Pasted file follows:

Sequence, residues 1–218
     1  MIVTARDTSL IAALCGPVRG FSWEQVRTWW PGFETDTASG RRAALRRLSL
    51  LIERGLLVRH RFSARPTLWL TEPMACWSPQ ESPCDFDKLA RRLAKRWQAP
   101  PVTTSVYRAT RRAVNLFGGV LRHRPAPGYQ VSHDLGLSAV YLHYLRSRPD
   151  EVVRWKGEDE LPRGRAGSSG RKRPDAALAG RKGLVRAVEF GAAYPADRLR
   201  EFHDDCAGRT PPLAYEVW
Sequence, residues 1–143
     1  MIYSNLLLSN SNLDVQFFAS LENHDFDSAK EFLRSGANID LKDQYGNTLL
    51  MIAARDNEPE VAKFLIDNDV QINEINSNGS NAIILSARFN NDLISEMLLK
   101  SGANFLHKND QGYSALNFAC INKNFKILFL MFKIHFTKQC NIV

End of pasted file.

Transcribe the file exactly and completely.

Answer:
Sequence, residues 1–218
     1  MIVTARDTSL IAALCGPVRG FSWEQVRTWW PGFETDTASG RRAALRRLSL
    51  LIERGLLVRH RFSARPTLWL TEPMACWSPQ ESPCDFDKLA RRLAKRWQAP
   101  PVTTSVYRAT RRAVNLFGGV LRHRPAPGYQ VSHDLGLSAV YLHYLRSRPD
   151  EVVRWKGEDE LPRGRAGSSG RKRPDAALAG RKGLVRAVEF GAAYPADRLR
   201  EFHDDCAGRT PPLAYEVW
Sequence, residues 1–143
     1  MIYSNLLLSN SNLDVQFFAS LENHDFDSAK EFLRSGANID LKDQYGNTLL
    51  MIAARDNEPE VAKFLIDNDV QINEINSNGS NAIILSARFN NDLISEMLLK
   101  SGANFLHKND QGYSALNFAC INKNFKILFL MFKIHFTKQC NIV